Atlanta, Ga  



Thesis Proposal (12.12.08)

Revised Thesis Proposal (2.3.09)

Proposal Executive Summary

This proposal highlights the intended areas of study for the spring semester. It looks at the necessary steps to accomplish the proposed studies. It also includes a description of the proposed breadth studies in both the executive summary and breadth study section.

The proposed breadth studies are listed below:

Structural Breadth

A structural breadth will be completed by adding a green roof to the existing structure.   The new roof system will add significant weight to the structure.  An analysis will be completed to see whether or not the existing structural members will need to be resized or added.  Based on that analysis, the structure will be altered to safely support the new roof.  The new roof and structure will then be analyzed for cost and schedule implications. 

Mechanical (HVAC) Breadth

The addition of a green roof will also cause the existing mechanical system to change.  A green roof has much more insulation than the existing roof and will cause the mechanical loads on the building to decrease.  That decrease will cause the existing equipment to be resized to support the new load.  The new loads will probably cause at least one of the AHU’s to be removed, with the hope that all of the mechanical equipment will be much smaller.  The energy savings associated with the smaller equipment will be compared to the installation cost of the roof to determine a payback period.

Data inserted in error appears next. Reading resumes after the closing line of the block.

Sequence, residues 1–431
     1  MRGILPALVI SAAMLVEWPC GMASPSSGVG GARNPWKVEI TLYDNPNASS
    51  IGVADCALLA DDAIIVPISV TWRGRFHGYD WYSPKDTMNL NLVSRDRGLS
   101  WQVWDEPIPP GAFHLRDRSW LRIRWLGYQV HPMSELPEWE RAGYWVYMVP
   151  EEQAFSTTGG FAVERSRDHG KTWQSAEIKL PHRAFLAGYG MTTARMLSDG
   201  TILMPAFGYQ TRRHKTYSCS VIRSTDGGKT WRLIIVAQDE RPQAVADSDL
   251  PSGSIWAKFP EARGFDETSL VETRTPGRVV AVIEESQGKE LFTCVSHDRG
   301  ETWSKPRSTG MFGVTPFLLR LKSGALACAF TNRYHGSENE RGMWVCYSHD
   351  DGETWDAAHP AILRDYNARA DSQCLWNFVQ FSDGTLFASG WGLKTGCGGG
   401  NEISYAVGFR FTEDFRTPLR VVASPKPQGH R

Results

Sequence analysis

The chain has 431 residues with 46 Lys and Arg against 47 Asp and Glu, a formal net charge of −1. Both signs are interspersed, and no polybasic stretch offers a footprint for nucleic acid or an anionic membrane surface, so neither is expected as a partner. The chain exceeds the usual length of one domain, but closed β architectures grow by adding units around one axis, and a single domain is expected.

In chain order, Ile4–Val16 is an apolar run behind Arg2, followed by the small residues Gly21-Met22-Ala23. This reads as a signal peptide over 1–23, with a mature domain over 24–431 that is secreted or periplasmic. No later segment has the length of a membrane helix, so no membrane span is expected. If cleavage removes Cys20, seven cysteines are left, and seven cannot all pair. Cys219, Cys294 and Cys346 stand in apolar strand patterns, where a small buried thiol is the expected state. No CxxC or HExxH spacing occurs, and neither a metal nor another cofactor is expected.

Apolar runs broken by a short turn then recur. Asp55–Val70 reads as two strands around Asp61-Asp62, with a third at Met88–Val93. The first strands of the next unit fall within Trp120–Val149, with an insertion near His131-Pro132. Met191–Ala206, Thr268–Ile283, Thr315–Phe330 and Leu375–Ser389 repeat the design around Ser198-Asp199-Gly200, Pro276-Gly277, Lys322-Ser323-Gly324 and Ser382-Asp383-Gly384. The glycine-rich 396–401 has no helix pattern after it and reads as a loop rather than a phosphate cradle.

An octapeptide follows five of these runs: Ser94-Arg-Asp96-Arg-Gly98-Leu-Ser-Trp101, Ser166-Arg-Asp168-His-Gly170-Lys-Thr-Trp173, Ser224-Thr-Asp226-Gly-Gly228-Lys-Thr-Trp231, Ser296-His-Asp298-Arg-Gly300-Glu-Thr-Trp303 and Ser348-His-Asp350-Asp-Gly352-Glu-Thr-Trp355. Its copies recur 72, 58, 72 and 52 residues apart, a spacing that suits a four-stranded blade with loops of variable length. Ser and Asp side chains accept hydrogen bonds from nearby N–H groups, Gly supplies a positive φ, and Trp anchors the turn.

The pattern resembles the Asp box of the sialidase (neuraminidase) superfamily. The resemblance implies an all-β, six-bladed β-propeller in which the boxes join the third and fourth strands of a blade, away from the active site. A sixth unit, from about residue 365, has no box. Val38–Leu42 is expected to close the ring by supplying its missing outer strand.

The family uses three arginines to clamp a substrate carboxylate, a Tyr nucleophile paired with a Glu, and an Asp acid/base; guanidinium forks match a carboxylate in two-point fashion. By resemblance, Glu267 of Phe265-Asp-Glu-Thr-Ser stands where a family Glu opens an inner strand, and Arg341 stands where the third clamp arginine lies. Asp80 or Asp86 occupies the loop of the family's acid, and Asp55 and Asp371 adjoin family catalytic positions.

Chris Renshaw

Building Statistics

Thesis Abstract

Technical Assignments

Thesis Research

Thesis Proposal


Final Report



User Note: While great efforts have been taken to provide accurate and complete information on the pages of CPEP, please be aware that the information contained herewith is considered a work‐in‐progress for this thesis project. Modifications and changes related to the original building designs and construction methodologies for this senior thesis project are solely the interpretation of Chris Renshaw. Changes and discrepancies in no way imply that the original design contained errors or was flawed. Differing assumptions, code references, requirements, and methodologies have been incorporated into this thesis project; therefore, investigation results may vary from the original design.










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